Then, more recently:
Andrew Weil Says Parents Should be Outraged by USDA Baby Food Pesticide Tests. June 21st, 2012
“For the first time since the inception of its pesticide-testing program in 1991, USDA looked at pesticide residues on baby food. Department scientists analyzed about 190 samples each of prepared baby food consisting of green beans, pears and sweet potatoes. This week the Environmental Working Group (EWG) released findings on the foods with the and an analysis of baby food.
Green beans prepared as baby food tested positive for five pesticides, among them, the organophosphate methamidiphos, which was found on 9.4 percent of samples, and the organophosphate acephate, on 7.8 percent of samples. The EWG analyzed baby food samples in 1995 and found the two organophosphates in surprisingly similar concentrations.
The American Academy of Pediatrics advises parents to “minimize using foods in which chemical pesticides or herbicides were used by farmers. “Organophosphate pesticides are of special concern since they are associated with neurodevelopmental effects in children,” said EWG toxicologist Johanna Congleton. “Infants in particular should avoid exposure to these pesticides since they are more susceptible to the effects of chemical insult than adults.”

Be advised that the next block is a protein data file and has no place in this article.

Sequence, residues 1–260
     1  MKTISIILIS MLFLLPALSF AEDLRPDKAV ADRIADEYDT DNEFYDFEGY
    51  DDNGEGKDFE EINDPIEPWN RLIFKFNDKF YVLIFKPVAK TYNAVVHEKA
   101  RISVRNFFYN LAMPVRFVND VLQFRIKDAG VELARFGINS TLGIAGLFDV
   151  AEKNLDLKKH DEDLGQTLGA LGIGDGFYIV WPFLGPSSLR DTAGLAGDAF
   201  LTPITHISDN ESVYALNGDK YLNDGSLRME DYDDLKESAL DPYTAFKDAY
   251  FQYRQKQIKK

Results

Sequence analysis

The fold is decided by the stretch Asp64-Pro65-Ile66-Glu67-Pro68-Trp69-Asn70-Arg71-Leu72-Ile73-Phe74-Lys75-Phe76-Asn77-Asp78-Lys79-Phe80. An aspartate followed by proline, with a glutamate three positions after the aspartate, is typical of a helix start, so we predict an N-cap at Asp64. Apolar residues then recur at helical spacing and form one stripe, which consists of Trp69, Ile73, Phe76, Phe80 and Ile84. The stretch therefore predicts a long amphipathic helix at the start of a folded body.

“Federal testing of pesticide residue in baby food was long overdue, as infants are especially vulnerable to toxic compounds,” said Andrew Weil, MD, Founder and Director, Arizona Center for Integrative Medicine and a renowned medical expert on natural health and wellness.” More at: http://www.cornucopia.org/2012/06/andrew-weil-says-parents-should-be-outraged-by-usda-baby-food-pesticide-tests/